For example, you could say, “I’m going to do all my non-urgent parent communication on Thursdays.” So anytime during the week that you think, “I should probably update Emma’s mom about her science test,” instead of stressing about when on earth you’re going to do that you just write it down on your Thursday list. Then on Thursday you knock off all the emails & phone calls at once.
Some other examples of tasks you might be able to group like this are
- lesson planning (designate 1-3 days a week where they are your focus)
- grading catch-up (I’m NOT saying save all your grading for one day, but maybe designate a day to catch up on major grading if you’re behind)
- student conferences
- room décor/bulletin boards/clean-up
Next step: Think about tasks that you can designate for certain days of the week. If possible, consider theming each day. For example: Monday – grading catch-up, Tuesday – lesson plans, Wednesday – lesson plans, Thursday – parent & student communication Friday – printing/copying
Note that this wouldn’t be the only thing you did that day, but it would be a major theme for the day.
5. Designate and guard your off hours.
If you want to feel balanced and lower your stress levels, you have to take time off. This means setting boundaries around your time and choosing when you will stop working. You may need hard lines like, “I will go leave school by _____” or “I will only work for 1 hour this evening.” Don’t be afraid to use a timer and to have your spouse or friend keep you accountable.
But for the time off to be sufficiently refreshing, you need to do more than just not work. You need to let your mind take a break, too. That means no talking about work and no thinking about work. At all.
This idea was somewhat revolutionary to me at first. You mean I shouldn’t be thinking about work all the time!!?? But when am I going to come up with solutions to all these problems!?
But here’s the truth: Yes, we can (and probably should) use some of our off-hours to brainstorm about teaching, but we also desperately need some time that is truly off. Time where we refuse to think about work and let our minds wander elsewhere. Time to truly let our minds refresh and rejuvenate.
You’ll be amazed how less ominous Monday morning is when you’ve truly let your mind refresh over the weekend.
Next step: Determine some clear boundaries for when you will and will not work. Then, give yourself permission to stop thinking about school when you’re off. When a school issue comes to mind while you’re off, make an intentional decision to either go ahead & think about it or to let your mind refresh. (Keep in mind you can’t do both.)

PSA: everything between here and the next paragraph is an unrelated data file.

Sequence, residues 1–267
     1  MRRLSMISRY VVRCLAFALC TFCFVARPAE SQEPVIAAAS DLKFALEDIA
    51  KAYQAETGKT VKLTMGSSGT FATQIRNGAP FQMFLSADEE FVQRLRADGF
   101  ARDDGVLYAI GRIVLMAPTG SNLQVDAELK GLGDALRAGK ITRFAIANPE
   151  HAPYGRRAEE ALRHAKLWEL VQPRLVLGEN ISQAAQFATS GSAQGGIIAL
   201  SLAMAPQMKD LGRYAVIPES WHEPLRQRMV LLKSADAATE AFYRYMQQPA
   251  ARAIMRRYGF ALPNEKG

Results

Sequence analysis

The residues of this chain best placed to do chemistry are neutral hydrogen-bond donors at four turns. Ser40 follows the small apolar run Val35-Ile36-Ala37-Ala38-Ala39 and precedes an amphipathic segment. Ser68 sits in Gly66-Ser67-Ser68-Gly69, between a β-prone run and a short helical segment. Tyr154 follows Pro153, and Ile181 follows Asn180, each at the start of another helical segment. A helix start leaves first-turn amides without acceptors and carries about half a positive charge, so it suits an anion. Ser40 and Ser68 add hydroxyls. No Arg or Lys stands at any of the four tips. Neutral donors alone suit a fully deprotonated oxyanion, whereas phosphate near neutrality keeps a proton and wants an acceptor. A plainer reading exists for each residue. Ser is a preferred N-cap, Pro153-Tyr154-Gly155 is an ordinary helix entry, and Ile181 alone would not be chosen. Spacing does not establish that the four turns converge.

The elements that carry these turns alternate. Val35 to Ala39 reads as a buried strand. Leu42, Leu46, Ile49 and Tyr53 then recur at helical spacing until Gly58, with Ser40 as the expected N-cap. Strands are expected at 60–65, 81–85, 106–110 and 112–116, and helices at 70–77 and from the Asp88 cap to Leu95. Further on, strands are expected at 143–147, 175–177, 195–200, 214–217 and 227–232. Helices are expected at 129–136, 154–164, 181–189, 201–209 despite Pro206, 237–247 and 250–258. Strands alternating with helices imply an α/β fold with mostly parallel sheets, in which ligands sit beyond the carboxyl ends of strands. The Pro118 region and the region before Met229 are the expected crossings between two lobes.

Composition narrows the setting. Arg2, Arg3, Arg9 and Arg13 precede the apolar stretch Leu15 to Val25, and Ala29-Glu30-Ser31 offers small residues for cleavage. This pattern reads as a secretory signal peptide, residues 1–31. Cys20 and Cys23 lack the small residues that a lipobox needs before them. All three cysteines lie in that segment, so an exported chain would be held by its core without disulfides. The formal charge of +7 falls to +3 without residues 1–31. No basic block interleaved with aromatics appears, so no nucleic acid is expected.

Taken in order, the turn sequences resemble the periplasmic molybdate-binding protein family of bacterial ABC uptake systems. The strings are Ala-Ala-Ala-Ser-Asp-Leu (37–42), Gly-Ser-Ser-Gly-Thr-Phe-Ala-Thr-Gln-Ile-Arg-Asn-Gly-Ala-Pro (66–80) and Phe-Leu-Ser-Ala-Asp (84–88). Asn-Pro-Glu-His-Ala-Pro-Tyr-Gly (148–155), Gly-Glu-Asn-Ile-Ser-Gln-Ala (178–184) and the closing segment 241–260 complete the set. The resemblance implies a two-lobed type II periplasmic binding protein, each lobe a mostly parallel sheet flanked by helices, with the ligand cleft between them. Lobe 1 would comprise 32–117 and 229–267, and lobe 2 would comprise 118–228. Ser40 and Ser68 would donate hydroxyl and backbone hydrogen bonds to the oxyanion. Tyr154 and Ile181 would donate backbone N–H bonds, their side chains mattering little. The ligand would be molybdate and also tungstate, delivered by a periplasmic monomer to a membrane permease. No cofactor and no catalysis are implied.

When you implement these 5 practices, you’ll be amazed at how much better you can focus, how much more you’ll get done, and how much of the stress will fall away.
But this is just the tip of the iceberg. We talked about managing our focus, but we hardly even touched time-management and actual time-saving techniques Tracy learned in the 40 Hour Teacher Workweek Club.
The techniques that allowed Tracy to finally ditch her bag-of-bricks teacher bag for good.
You heard right – Tracy hasn’t taken her bag of grading home in over four months. And what’s better – she’s still getting everything done at school in about 43 hours a week.
Now that’s breaking the teacher stress cycle.
Tracy learned how to do this through the 40 Hour Teacher Workweek Club, and she’s not the only one.
This incredible program is helping thousands of teachers just like you not only cut 3, 5, even 10 or more hours off their workweek but actually break that 24/7 stress cycle and finally enjoy teaching again.
The 40 Hour Teacher Workweek will teach you how to live a better, healthier life as a teacher – how to get everything done and still have room for yourself and your family. And, best of all, you’ll find yourself become a better, more organized, and more efficient teacher in the process.
I cannot recommend this program highly enough. Click here to find out more about the 40 Hour Teacher Workweek Club.
Don’t forget! Download your free Intentional Procrastination To-Do List System.
*Disclaimer: I am partnering with Angela Watson to help spread the word about this amazing program. If you enroll in the club after clicking the button above, I will receive a percentage of your enrollment fee at no cost to you. If for any reason this makes you uncomfortable, you can simply google “40 Hour Teacher Workweek.” Please know I am only recommending this program because I think it’s amazing and believe it will be a great help to many of you.